You can supplement magnesium right away as your body will excrete what you do not use. There are a number of magnesiums to choose from.

Magnesium

naturalnews.com/046401_magn...

Also, you can supplement 1000mcg of vitamin C daily.

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For full evaluation your partner ideally need TSH, FT4, FT3, TT4, TPO and TG antibodies, plus vitamin D, folate, ferritin and B12 tested

See if you can get full thyroid and vitamin testing from GP. Unlikely to get FT3

Private tests are available. 1000's on here have to get tested privately. NHS often refuses to test FT3

thyroiduk.org.uk/tuk/testin...

Medichecks Thyroid plus ultra vitamin or Blue Horizon Thyroid plus eleven are the most popular choice. DIY finger prick test or option to pay extra for private blood draw. Both companies often have money off offers.

All thyroid tests should be done as early as possible in morning and fasting and don't take Levo in the 24 hours prior to test, delay and take straight after. This gives highest TSH, lowest FT4 and most consistent results

Dr Toft, past president of the British Thyroid Association and leading endocrinologist, states in Pulse Magazine,

"The appropriate dose of levothyroxine is that which restores euthyroidism and serum TSH to the lower part of the reference range - 0.2-0.5mU/l.

In this case, free thyroxine is likely to be in the upper part of its reference range or even slightly elevated – 18-22pmol/l.

Most patients will feel well in that circumstance. But some need a higher dose of levothyroxine to suppress serum TSH and then the serum-free T4 concentration will be elevated at around 24-28pmol/l.

This 'exogenous subclinical hyperthyroidism' is not dangerous as long as serum T3 is unequivocally normal – that is, serum total around T3 1.7nmol/l (reference range 1.0-2.2nmol/l)."

You can obtain a copy of the articles from Thyroid UK email print it and highlight question 6 to show your doctor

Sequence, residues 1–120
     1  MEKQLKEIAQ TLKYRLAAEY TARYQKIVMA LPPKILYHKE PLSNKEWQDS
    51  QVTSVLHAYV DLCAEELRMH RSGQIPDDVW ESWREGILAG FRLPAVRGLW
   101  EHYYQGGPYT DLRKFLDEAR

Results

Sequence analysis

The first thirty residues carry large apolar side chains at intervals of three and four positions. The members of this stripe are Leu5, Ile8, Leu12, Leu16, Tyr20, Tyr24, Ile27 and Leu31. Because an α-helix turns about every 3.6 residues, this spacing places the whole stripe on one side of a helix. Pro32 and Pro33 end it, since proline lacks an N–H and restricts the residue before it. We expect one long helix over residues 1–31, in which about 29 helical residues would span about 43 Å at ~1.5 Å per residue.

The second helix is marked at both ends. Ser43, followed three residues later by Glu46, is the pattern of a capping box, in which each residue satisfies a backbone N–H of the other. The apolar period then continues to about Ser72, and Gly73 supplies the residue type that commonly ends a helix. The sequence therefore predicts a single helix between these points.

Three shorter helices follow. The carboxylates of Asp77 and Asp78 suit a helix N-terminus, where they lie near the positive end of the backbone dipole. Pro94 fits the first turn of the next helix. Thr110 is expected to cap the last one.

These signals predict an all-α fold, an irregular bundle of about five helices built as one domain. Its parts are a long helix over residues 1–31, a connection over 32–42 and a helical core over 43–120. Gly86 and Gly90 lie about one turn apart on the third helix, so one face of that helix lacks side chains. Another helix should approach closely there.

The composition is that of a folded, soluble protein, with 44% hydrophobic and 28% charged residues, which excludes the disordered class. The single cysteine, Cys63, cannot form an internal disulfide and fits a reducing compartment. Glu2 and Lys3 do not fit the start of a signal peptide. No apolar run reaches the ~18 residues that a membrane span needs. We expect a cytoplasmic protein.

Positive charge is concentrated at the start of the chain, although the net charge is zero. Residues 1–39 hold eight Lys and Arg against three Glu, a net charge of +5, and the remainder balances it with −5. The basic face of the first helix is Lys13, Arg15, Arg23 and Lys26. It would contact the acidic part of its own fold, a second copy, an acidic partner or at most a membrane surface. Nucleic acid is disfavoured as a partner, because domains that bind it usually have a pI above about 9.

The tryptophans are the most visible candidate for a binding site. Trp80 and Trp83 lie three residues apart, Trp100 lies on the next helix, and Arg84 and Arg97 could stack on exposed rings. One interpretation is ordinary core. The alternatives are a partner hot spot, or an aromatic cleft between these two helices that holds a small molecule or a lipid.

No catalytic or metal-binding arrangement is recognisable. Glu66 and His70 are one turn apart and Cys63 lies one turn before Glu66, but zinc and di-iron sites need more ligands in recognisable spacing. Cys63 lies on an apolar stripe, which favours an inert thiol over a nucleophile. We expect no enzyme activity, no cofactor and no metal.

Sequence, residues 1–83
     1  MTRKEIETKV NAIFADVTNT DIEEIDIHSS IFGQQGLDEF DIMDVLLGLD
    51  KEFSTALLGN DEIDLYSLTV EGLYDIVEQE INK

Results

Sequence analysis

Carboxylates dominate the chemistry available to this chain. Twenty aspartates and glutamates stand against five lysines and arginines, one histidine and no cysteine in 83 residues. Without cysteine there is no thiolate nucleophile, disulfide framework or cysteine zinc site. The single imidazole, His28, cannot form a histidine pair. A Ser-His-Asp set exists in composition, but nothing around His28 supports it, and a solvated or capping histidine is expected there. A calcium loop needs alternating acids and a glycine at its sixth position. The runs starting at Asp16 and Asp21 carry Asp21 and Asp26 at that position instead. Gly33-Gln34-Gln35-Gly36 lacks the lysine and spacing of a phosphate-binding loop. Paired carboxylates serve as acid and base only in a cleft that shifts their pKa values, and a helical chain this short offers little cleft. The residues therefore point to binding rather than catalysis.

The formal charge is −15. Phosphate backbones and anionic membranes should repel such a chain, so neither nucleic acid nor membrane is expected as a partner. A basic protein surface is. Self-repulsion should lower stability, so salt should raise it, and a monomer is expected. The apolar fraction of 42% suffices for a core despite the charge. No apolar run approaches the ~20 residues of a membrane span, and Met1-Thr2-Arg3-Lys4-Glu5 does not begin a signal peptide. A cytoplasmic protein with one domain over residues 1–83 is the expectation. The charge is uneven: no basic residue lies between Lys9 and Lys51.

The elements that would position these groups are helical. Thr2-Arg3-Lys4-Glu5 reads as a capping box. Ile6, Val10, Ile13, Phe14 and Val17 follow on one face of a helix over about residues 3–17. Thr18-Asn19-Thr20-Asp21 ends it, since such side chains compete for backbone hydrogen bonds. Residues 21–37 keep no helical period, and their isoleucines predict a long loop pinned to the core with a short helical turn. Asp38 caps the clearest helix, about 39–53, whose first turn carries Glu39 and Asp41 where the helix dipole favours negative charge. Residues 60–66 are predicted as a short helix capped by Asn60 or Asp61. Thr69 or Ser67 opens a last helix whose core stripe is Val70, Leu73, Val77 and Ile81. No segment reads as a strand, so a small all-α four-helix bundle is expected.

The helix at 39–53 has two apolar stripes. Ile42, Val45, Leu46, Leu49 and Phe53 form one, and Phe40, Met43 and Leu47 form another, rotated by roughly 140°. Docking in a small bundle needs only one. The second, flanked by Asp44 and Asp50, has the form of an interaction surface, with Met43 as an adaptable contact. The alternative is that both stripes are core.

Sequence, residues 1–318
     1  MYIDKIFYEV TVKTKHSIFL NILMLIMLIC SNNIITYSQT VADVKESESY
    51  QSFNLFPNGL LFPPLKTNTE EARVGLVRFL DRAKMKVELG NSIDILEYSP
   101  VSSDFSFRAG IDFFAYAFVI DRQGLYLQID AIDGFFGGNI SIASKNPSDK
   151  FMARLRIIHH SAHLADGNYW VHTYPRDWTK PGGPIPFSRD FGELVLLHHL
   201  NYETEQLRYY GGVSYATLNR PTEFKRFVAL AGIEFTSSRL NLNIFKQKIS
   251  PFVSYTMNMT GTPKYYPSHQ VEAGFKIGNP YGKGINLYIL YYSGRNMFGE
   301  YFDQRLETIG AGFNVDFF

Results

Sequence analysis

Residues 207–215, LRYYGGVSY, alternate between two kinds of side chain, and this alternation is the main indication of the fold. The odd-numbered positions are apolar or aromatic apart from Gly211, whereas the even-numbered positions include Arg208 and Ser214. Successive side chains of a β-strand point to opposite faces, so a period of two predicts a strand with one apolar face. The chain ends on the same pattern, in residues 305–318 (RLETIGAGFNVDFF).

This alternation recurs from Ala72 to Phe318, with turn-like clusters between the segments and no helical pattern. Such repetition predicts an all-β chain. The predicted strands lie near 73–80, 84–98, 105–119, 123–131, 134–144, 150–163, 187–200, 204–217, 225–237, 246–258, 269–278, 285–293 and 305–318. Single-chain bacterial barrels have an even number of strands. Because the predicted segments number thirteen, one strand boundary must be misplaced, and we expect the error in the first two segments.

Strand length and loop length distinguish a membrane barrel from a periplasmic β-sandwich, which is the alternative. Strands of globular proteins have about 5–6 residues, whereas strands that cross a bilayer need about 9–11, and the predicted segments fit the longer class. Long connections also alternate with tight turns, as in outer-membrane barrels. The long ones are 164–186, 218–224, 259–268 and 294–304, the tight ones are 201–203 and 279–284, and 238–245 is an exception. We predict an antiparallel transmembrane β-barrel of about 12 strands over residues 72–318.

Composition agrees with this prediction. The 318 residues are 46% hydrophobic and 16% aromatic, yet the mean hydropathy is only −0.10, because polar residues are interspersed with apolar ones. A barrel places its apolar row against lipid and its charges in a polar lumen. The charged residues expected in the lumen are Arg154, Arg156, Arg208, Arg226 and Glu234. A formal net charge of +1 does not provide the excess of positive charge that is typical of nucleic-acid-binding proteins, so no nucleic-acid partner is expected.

please email Dionne:
tukadmin@thyroiduk.org

Professor Toft recent article saying, T3 may be necessary for many

rcpe.ac.uk/sites/default/fi...

Ask Dionne at Thyroid Uk for list of recommended thyroid specialists, some are T3 friendly

NHS tries to deny we need T3 due to current extortionate cost

british-thyroid-association...

See also this post next to yours re the fight to keep T3

healthunlocked.com/thyroidu...

Improve Thyroid Treatment campaign on Facebook has list of CCG's and current stance on T3

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THANKYOU THANKYOU THANKYOU

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Sorry to hear this. I have Graves and I’m emotionally very up and down I don’t know if it’s due to a new diagnosis or depression. Did your husband have any symptoms of depression prior the his operation?

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actually I forgot to say My Partner also has Grave's disease..........due to the overactive thyroids.....We have empathy for your situation.............

And YES he has been up and down with depression and the Damn doctors will not put 2 and 2 together and say it IS related to the thyroids being removed.

Before the thyroids were removed he was perfect infact the diagnosis came from a great HIV doctor in London many years ago and it was not even his doctor........ Thanks to him I have my Partner today even if he does have his mental health probs.